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I'm currently in the middle of DM'ing a city campaign. I've found it's quite a bit more difficult than a dungeon. I have the city mostly planned out (type of city, the ruler, the districts, centers of power, etc)— I used a generator to get most of that info.

My problems are these:

  1. What do I say to the PCs when they get to a part I haven't written anything for or planned anything? Currently, when this happens, my mind races and I pause for a bit while trying to think of something. Any tips?

  2. When the PCs need to get from point A to point B in the city, how do I describe the journey there? Currently, I say something like "you head south and then west" and maybe throw in a random encounter. How do you guys do it?

Any ideas or tips would be appreciated. I do have the Cityscape book, which is a great resource. I'm looking for how other DMs run a city campaign, and for any tips on how to make one successful.

Thanks!

Colin

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Ah, yes. :) Right now we are playing mostly in the 1st edition (that's what I grew up with and what I know). The other players are new to D&D. We're planning on switching the 5th edition once it is all released. –  Colin Aug 19 at 14:53
    
Could you refine your definition of city campaign? Do you have some kind of plot already prepared or do you allow your players to roam freely in the city and choose their own path? –  Dargor Aug 19 at 14:59
    
At this point, the PCs are just wandering about. I have no definite plot or point to being in the city... yet. I'm probably going to come up with something... just not sure what yet. –  Colin Aug 19 at 15:03

6 Answers 6

up vote 14 down vote accepted

Write places apart from their location

You can make your dungeons apart from their locale. Perhaps you've written up an encounter in the catacombs of the sun god, but the party keeps walking around in the harbor district instead of the city center? Move it to the temple of the sea god! Thieves' Guild up to no good? Party has found another of their hiding spots in the rich part of town! Party finds an evil cult hiding in an old granary? Make them hide in a new granary, that burned down under suspicious circumstances!

In short, write so that the locale cannot be found in just one spot. Same goes for random encounters: they do not have to be bound to one sport. Fire, brawl fights or sudden Purple Worm attacks do not give a hoot about where in the city they are.

And don't forget: write up the crude lines for all districts of your city, from the rich parts to the poor parts to the merchant district to the market district to the harbor district and everything else.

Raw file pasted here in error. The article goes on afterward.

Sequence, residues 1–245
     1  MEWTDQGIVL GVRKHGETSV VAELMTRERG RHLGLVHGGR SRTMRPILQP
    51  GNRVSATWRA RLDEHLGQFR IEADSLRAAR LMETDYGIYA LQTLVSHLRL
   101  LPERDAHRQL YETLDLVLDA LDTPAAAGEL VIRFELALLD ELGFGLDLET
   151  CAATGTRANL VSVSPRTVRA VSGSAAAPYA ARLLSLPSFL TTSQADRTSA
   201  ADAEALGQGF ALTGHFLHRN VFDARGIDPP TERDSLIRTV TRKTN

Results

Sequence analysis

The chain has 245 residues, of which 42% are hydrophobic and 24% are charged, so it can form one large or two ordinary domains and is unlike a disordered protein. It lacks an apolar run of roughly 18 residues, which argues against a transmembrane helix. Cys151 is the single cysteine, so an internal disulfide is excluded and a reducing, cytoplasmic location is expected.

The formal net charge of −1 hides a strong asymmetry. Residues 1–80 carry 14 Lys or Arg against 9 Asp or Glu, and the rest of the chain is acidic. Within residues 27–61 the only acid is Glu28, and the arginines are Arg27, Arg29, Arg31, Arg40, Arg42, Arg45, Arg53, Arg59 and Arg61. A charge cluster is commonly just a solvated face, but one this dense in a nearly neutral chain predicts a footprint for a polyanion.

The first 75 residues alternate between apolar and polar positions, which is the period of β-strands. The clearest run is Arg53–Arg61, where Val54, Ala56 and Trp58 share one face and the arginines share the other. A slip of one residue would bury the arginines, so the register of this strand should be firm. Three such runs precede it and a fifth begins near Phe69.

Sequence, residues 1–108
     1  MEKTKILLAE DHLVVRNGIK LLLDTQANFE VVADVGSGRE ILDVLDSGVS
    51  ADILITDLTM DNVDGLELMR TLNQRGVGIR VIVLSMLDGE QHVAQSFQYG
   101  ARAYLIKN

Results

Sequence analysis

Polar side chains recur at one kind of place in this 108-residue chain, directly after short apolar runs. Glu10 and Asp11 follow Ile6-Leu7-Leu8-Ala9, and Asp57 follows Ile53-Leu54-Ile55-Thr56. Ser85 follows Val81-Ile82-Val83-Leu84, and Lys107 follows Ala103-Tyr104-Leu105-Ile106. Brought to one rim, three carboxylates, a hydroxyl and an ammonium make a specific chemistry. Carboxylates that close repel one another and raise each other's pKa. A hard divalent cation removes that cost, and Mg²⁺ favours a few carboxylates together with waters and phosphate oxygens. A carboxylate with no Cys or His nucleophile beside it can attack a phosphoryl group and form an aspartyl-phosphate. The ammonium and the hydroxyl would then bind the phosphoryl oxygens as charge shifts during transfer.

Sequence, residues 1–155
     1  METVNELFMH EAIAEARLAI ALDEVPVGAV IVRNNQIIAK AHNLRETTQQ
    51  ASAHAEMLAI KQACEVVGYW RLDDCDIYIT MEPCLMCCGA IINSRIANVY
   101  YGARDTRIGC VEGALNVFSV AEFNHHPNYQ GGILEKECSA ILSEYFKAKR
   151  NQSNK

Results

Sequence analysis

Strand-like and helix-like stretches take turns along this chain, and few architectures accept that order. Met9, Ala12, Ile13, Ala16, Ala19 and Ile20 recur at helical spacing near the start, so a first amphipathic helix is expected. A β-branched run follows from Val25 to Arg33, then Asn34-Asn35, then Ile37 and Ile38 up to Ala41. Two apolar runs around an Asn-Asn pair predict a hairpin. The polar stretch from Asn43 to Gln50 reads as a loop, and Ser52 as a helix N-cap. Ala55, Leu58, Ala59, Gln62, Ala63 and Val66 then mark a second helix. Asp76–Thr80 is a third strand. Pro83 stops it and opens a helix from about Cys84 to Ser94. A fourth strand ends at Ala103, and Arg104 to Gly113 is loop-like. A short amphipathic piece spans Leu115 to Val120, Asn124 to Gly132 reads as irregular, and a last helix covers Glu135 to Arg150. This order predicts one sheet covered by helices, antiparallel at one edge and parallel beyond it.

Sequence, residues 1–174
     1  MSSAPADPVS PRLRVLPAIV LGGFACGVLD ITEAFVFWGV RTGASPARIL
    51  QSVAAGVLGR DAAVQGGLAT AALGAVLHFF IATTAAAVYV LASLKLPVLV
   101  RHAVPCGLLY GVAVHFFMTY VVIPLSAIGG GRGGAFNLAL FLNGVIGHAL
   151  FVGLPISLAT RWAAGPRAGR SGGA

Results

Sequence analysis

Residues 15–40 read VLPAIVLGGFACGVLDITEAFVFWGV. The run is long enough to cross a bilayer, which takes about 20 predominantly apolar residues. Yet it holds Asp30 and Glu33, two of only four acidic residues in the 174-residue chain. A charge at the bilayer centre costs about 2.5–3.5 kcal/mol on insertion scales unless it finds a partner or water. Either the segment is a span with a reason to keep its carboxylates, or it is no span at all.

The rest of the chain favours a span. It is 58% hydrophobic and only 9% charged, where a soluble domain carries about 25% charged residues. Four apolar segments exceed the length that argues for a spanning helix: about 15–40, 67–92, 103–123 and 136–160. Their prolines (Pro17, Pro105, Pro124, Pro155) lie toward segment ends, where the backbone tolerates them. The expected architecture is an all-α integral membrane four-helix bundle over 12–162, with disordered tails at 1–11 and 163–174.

Making my way downtown...

Make there interesting places for the PCs to see: maybe they find statues of heroes of the days of yore, or religious buildings, or cementaries, or maybe just a tavern with a funny sign outside. Keep repeating these locales as the party walks by them, so they start recognising the places. And if they start to recognise them, they start to care, meaning they will do stuff to defend these places, allowing for you to guide the story a bit more.

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+1 for recognizing landmarks and caring. –  GMNoob Aug 19 at 15:02
    
Great tips. Thanks!! Good idea for moving encounters if I need to. I hadn't considered that! –  Colin Aug 19 at 15:03

For question 1 what to do for places you have not yet written, there are two great options.

  1. Quantum Ogre: This means that you have some places defined but not exactly where they are. When the players adventure into an unknown place, you give them this predefined but unplaced encounter/plot hook etc.

  2. Random Tables. Prepare some random tables for your city. When they go into an uknown place, roll on the table to see what is there, and then improv it's relevance.

For question 2, I think how you are doing is basically the best way to do it. However, what you might want to consider is adding flavorful language.

  • "You step past some manure"
  • "You see a lady putting her childen to bed through a window"
  • "You think you smell some sweet flowers, only to realize it's rotting garbage from the inn you passed".

However, sometimes, and very rarely, I have seen the city being handled like a Maze dungeon. The players are asked at every intersection if they want to go straight, left, right or make a u-turn. I don't recommend this for most games, but sometimes, that can be a lot of fun.